Another transgender Reema, who has joined the beautician training session, used to beg in the town. “Now I intend to start my own beauty parlour and seek some loans for the purpose,” she says urging the government to make friendly policies for them. “We are in isolation and the society neglects us. Unless there is a strong institutional support we cannot move forward positively. We end our lives in streets begging or going in further isolation as we grow old. For society we are a source of entertainment so long as we are young.”

Muhammad Asif, in mid 30s, is a transgender in Islamabad — running a mobile phone retail shop for the past few years, setting example for many like him, encouraging them to start business. He learned the skill after spending six months in another shop. “Such business and initiatives are always good. Beautification, tailoring, mobile repairing and even setting up flower shops are some good start-ups for our community.” Appreciating such steps in the rural areas on the personal motivation of some officials, he further urges the government to take steps in this direction to empower this forgotten gender.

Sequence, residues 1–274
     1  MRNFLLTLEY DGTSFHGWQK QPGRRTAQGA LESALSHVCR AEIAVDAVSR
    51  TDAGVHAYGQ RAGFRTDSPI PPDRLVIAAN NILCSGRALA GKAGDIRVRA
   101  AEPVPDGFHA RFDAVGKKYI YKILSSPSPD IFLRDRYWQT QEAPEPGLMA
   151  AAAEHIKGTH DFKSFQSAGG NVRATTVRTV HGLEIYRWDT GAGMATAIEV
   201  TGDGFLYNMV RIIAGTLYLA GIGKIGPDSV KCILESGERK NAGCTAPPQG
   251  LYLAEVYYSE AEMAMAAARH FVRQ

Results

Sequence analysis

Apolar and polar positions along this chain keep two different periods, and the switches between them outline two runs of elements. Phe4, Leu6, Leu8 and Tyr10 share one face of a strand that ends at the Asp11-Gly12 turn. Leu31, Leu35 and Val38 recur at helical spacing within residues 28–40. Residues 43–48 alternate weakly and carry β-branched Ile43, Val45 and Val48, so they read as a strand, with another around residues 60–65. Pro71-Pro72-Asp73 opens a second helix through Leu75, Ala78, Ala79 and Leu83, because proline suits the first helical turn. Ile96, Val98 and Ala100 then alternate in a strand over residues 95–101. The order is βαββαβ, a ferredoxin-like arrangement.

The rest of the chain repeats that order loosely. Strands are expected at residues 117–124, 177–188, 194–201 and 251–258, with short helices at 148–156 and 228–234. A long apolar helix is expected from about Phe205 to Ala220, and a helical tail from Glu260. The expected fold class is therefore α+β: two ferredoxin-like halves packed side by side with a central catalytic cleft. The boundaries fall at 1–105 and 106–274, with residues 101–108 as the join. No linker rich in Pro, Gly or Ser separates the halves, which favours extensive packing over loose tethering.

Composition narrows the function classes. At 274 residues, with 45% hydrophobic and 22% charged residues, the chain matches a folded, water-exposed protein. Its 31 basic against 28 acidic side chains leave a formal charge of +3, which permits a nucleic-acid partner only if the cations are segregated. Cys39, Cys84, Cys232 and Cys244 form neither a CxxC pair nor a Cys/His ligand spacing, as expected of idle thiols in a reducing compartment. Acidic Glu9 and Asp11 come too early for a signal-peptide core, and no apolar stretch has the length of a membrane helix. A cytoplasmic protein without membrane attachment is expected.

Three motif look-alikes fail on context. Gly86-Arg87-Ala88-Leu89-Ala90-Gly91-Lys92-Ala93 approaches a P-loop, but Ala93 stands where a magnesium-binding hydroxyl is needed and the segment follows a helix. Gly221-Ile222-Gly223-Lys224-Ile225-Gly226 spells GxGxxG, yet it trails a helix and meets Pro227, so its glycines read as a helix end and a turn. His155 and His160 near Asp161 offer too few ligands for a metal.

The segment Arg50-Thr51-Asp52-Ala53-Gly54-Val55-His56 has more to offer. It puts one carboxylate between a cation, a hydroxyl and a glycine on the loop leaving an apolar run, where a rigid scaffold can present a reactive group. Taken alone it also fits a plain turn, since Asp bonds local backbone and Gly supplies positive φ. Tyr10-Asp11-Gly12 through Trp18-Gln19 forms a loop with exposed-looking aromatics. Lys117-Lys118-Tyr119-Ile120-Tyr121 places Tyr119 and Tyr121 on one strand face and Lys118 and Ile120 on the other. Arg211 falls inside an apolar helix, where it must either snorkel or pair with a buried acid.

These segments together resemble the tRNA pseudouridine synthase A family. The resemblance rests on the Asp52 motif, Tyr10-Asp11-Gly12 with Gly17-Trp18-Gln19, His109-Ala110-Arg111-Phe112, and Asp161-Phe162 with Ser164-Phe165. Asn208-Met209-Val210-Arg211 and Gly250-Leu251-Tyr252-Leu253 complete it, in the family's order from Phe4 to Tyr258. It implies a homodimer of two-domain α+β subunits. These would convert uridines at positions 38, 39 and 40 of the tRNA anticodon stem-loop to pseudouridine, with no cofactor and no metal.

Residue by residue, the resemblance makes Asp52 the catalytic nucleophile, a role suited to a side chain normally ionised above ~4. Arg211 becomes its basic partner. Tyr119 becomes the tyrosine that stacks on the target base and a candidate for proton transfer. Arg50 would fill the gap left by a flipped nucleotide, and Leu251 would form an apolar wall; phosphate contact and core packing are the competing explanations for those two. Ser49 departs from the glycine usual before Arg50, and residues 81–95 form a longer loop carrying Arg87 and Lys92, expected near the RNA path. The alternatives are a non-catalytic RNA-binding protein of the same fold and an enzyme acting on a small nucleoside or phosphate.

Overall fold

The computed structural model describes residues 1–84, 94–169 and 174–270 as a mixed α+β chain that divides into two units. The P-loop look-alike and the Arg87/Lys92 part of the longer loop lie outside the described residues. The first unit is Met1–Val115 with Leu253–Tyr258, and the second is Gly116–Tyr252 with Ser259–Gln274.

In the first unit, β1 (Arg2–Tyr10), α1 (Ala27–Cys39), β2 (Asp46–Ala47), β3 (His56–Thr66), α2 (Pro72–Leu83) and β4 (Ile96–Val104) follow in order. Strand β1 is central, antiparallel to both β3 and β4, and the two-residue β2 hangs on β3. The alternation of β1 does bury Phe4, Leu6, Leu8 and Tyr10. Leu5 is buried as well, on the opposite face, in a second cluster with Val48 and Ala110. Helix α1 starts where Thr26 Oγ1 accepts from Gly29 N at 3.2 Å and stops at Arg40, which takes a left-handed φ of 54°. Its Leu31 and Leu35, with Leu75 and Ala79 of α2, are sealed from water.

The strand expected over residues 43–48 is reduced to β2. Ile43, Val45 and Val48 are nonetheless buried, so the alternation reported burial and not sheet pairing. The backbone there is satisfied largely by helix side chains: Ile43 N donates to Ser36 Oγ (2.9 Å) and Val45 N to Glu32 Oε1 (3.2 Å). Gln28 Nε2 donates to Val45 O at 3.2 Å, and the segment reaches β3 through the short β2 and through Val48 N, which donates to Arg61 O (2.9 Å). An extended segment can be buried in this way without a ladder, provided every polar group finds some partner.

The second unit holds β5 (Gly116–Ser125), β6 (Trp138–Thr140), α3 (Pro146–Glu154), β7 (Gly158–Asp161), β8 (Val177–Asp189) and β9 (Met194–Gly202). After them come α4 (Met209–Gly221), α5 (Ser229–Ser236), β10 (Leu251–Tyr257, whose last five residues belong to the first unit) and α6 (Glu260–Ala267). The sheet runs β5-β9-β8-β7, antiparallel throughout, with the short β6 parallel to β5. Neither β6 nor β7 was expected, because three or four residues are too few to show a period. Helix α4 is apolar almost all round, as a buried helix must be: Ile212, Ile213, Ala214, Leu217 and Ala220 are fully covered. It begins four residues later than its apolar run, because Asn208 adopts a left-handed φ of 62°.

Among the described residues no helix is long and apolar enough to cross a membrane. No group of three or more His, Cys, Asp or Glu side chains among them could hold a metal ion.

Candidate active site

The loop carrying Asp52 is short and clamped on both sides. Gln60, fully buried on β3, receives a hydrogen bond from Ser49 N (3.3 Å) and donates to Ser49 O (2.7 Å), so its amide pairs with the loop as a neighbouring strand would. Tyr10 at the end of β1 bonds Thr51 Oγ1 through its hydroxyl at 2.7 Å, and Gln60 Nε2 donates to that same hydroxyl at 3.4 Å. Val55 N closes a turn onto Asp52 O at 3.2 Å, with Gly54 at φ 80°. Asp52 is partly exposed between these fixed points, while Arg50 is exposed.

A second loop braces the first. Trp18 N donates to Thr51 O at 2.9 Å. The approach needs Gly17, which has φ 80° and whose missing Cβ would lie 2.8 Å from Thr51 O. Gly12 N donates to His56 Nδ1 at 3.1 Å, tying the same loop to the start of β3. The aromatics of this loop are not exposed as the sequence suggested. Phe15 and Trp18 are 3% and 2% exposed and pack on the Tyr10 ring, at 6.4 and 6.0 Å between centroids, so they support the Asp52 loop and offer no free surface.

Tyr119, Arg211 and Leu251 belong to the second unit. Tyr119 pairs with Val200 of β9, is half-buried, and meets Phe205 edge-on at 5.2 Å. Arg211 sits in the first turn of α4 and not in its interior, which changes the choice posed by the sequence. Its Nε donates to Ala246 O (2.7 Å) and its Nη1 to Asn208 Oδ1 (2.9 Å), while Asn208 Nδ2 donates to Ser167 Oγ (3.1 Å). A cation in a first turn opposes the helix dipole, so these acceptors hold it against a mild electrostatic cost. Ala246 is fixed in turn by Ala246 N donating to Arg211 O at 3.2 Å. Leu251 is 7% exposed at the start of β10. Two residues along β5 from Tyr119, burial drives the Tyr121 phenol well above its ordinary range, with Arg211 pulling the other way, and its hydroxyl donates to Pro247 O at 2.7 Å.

The divisional administration plans to find more platforms to provide them technical training such as mobile repairing and electronic repairs training etc. “It is only through such steps and awareness that we can see them as respectable, self-sufficient and independent citizens of our country,” Mahbub asserts.

In Pakistan, there is no census data yet that counts transgender people as third-gender. In the last census, the number of people in “others” category was 1.8 million, which is presumably the population of transgender community in the country. Some other research studies indicate approximately one out of 50 children is identified with a transgender tendency, which is nearly two per cent of the total population.

The article was published under the title Lessons from Sillanwali in The News on Sunday on February 19, 2017.

Waqar Gillani

waqar gillani
The author is a staff reporter. He can be reached at [email protected]